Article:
Hey everybody, since Monday is a holiday in Canada (Victoria Day for those unaware) we will be going fishing. See you Tuesday!
This kind of music attracts people that want to explore the dark , the kinds of things within that want to have an outlet and want to be manifested in reality, in your life. Black metal is one way of letting this side manifest.
Justin M. Norton in conversation with Erik Danielsson of Watain on the eve of the release of their new album for Season of Mist, entitled Lawless Darkness.
I have no idea if Andrew Bonazelli has ever picked up an instrument, let alone ever played in a band, but his position as the reviews and managing editor of the almighty Decibel Magazine and the fact that he’s just released his second book, A Regular, means there’s a connection to the world of extreme music and a reason to throw the hellbound.ca spotlight on the man for a while.
Kevin Stewart-Panko in conversation with Decibel managing editor Andrew Bonazelli about his newly published book A Regular.
For the next hour and half Brutal Truth kept going. They filled their set with gems from their back-catalogue and a heavy dose of tracks off Evolution Through Revolution. At one point in the set Kevin Sharp announced “I’m Henry Winkler and I need some booze goddamnit!” The crowd loved every minute of it. I don’t know if everyone there realized the significance of Brutal Truth playing their home town, but honestly, it doesn’t matter – the band was incredible.
Handshake Inc’s David Hall recaps their experience at this year’s Manitoba Metal Fest making an upcoming film on American grind gods Brutal Truth.
I think it was about six or seven months ago that I saw “Brutal Truth to Play Manitoba Metal Fest,” come across the metal news ticker and I was immediately intrigued. I had never been to Winnipeg, but for some reason the thought of Brutal Truth playing there seemed epic and strange and film worthy: like “Iron Maiden: Behind the Iron Curtain,” or “Neil Young, Live at Massey Hall,” this concert struck me as an iconic event, and I immediately fired off an email to Rich Hoak, pleading with him to let me make a movie about the concert and about the band’s time in Winnipeg. Luckily he, and the rest of the band were into it.
Handshake Inc’s David Hall recaps their experience at this year’s Manitoba Metal Fest making an upcoming film on American grind gods Brutal Truth
Concert review by Jay H. Gorania Like incense burning prior to a ritual, the scent of Mary Jane preceded EYEHATEGOD’s entrance onto Emo’s indoor…
Author, writer, singer, fighter, actor, father, Eugene S. Robinson is the inspirational everyman for those of us choosing to follow the loves of their life. He’s also a pretty good poster-boy for those for whom the notion of getting a full-time, square job makes their skin crawl and testicles and/or ovaries shrivel up and retreat into the adjacent nether regions.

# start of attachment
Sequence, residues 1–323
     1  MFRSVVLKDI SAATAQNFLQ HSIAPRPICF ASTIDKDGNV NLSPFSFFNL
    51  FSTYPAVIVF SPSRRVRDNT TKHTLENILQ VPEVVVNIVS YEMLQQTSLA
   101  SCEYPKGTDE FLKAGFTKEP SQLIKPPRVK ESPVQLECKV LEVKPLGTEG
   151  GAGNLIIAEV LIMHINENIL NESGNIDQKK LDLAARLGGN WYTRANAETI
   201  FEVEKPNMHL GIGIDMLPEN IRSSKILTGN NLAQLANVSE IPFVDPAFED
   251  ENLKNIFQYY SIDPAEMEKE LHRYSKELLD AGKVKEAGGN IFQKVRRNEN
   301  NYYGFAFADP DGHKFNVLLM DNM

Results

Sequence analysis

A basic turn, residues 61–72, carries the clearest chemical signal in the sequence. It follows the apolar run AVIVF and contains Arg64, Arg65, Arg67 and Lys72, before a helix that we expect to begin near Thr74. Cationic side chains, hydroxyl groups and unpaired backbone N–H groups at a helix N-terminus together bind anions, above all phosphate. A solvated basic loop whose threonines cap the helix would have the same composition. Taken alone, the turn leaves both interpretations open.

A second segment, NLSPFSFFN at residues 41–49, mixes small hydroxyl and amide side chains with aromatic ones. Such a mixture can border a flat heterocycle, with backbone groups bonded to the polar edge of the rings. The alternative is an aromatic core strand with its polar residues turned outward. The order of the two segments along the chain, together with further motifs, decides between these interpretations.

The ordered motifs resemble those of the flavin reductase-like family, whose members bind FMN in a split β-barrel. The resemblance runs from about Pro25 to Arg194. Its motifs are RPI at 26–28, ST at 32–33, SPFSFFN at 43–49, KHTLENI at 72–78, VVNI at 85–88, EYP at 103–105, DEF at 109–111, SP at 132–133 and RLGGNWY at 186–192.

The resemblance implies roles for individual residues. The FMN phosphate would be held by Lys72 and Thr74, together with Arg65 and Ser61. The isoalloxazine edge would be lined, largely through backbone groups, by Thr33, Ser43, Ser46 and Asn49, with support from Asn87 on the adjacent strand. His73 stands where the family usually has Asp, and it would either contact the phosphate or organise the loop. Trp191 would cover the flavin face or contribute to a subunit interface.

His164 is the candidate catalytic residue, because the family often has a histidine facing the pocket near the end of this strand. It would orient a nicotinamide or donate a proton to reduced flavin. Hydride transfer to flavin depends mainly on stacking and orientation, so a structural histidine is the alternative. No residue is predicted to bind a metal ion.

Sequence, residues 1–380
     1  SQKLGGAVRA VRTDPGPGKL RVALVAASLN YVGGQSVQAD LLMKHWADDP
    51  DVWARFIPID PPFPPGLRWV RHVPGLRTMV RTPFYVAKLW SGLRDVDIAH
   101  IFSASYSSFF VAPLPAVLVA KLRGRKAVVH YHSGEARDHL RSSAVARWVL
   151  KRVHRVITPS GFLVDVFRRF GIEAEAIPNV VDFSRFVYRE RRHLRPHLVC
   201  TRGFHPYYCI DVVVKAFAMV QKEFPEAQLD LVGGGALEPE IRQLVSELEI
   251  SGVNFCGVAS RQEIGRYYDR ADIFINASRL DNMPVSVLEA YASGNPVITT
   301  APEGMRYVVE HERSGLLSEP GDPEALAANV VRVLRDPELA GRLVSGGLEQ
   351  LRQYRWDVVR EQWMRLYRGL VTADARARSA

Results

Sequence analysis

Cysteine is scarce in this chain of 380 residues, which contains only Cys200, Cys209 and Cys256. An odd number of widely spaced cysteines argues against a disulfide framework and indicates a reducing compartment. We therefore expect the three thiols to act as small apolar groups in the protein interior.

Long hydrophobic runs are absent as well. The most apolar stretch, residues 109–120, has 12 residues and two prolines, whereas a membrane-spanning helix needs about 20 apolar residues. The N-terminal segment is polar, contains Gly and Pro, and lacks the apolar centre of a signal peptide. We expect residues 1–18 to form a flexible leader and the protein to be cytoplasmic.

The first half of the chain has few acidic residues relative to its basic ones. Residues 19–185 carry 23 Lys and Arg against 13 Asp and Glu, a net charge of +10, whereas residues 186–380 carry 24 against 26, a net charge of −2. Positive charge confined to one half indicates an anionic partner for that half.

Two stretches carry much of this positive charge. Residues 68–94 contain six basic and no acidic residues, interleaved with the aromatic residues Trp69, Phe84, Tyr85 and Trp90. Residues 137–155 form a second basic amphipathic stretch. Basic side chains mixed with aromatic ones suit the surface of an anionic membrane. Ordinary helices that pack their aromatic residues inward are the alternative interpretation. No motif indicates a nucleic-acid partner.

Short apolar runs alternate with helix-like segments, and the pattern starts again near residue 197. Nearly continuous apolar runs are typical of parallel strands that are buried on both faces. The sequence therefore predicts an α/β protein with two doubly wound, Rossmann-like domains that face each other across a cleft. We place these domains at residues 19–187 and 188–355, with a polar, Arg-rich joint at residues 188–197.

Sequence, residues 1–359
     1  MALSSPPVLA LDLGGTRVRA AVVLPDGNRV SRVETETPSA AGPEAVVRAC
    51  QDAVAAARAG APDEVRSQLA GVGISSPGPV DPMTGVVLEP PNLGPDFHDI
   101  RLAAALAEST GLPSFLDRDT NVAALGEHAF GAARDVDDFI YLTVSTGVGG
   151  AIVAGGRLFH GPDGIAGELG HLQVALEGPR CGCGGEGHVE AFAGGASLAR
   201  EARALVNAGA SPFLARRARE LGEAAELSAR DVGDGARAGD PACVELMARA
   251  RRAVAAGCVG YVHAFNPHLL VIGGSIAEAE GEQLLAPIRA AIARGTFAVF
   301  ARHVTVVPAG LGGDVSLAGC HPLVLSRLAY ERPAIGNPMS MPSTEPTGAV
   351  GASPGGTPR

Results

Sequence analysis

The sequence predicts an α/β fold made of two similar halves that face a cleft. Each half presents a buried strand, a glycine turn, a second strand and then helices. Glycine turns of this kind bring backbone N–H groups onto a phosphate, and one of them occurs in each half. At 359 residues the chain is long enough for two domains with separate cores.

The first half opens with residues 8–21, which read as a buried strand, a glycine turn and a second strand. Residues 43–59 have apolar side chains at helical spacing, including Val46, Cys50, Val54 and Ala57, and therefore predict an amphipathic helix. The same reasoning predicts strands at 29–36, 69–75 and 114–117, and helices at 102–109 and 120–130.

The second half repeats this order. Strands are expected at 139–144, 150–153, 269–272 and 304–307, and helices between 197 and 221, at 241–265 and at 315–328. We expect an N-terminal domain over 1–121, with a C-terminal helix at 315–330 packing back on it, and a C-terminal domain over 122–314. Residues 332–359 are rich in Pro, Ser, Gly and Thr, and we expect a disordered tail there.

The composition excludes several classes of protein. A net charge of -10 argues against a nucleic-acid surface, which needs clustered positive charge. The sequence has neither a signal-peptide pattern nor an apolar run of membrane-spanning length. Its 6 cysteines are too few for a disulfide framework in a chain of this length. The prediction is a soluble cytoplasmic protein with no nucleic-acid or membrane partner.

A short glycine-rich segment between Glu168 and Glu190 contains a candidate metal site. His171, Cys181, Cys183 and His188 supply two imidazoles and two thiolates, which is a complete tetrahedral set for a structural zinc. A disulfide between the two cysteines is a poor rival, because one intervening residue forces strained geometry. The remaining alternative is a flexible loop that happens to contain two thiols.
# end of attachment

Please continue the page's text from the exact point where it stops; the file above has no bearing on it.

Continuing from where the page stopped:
Kevin Stewart-Panko speaks one-on-one with Eugene S. Robinson about his brand new crime novel A Long Slow Screw, his critically acclaimed writing career and his ongoing musical journey as front man of the experimental outfit Oxbow.
“Israel is not an easy place for a normal life, but OL’s music can emerge only from a place such as the Holy Land. The multi cultural life here, being a spiritual center, a center of religious wars and conflicts and even being a Jewish back to his homeland after 2,000 years. I’m in a heaven of inspiration.
Being an artist is always a struggle, especially in a country where the army is needed much more than art. Sometimes it’s very hard for us to get support or any attention to what we have to say. It’s a sacrifice and a choice we took, so we don’t complain. At the end of the day, I feel lucky to have a band and to give people some hope and moments of happiness.”
Adam Wills in conversation with Orphaned Land mastermind Kobi Farhi about their latest album, The Never Ending Way of ORwarriOR.
“We all listen to progressive rock, so it’s natural that it comes across in the music. It was clear from the start that progressive elements would be featured in the band’s sound. And that was the reason for me to join. I remember seeing Opeth in 2006, and being very impressed by not just the music, but the whole presentation, and the juxtaposition of metal and prog. I thought then that this is would be an interesting musical path to explore. And Barren Earth has provided me with that path.”
Laura Wiebe Taylor in conversation with Barren Earth keyboardist Kasper Mårtenson about the band’s creation, their debut full-length album and more, exclusively for Hellbound.ca
You can’t accuse Brian Posehn of being highbrow. You can however accuse him of being funny. Along with being funny, he’s also a giant metal head, rather a giant and a metal head. The six-foot-six comedian makes no secret of his passion for metal, and masturbation, farts and fake tits. With his latest CD, Fart and Weiner Jokes about to be released Posehn will let it all hang out.
Dave Sanders speaks with metalhead comedian supreme Brian Posehn about his new album, Fart and Weiner Jokes, released this week on Relapse Records and what is on his current playlist.